13 September 2013

Some Thoughts about Who Do You Think You Are?

I like these shows. I really do. And here's why. They are entertaining yet informative, and creates some (maybe a lot of) interest in our field.

Like the Kelly Clarkson episode. A lot of criticism was tossed about on how could she NOT know about Andersonville. Well, I vaguely remember a little bit of it from my history books, but not really anything substantive. 

And it didn't hit home until I found an ancestor who died there. See my blog post on that below.

And until Kelly Clarkson actually went there and the history of the place was explained in vivid detail... I was still somewhat in the dark. I guess I'm more of a visual learner than I thought! NOW, I know. And it makes my own history come alive.  

Chris O'Donnell's episode was amazing. How we ALL wish we had that kind of paper trail and historical memorabilia to enhance our stories. And to know that his ancestor was there in 1812 for that particular battle. Wow. 

Again, visual learning at work. I can see a couple of more field trips in my plans.

Trisha Yearwood's episode got me thinking about where my ancestors may have come from as well as explained a little bit of the transportation/deportation of convicts. I *think* I have one of those. I haven't been able to confirm more than finding a name on a list on a ship. But, now I may have a better way to look for that information.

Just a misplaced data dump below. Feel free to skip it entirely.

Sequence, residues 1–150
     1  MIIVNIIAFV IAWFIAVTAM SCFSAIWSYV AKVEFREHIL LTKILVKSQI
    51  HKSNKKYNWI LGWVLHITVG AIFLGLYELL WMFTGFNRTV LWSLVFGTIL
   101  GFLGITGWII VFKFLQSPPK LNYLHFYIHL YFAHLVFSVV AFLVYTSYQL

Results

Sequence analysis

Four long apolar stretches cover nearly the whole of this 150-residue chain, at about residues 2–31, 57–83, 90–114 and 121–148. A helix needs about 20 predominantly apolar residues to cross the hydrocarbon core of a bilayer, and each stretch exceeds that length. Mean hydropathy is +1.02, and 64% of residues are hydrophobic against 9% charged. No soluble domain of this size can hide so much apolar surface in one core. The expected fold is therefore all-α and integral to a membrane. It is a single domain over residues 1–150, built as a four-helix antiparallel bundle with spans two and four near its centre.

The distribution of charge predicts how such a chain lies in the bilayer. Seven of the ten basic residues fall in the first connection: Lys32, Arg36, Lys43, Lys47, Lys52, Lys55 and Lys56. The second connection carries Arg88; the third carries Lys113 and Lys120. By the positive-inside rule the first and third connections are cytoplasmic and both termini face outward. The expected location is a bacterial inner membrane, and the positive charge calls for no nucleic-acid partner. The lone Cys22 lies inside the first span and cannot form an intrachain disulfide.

These are only some of my observations. I did notice more white glove usage this season, plus the fact that some repositories don't seem to be as concerned about some of that as others. Every place has their own rules and regulations.  

And another thing. The show may make it look easy, but in every instance, a plan was in place. Some called ahead, some wrote, lots of research was done in preparation prior to filming. 

IF these episodes had been done the way we all do it.... NO ONE would watch them!  

It's a lot of prep work to find that diamond in the rough! And it can be tedious, monotonous, and time-consuming to go through rolls and rolls of film, books, indexes and databases to check off each and every personal event as one goes through their search.  

One last observation that many may have missed.  

Not all of the research was done ONLINE. These people went to the various locations and walked where their ancestors walked. While not many of us can afford that as spread out as we all seem to be... the value of going to where your ancestor lived cannot be overlooked.

Your own family history brought to life.  

That what makes these shows invaluable to me.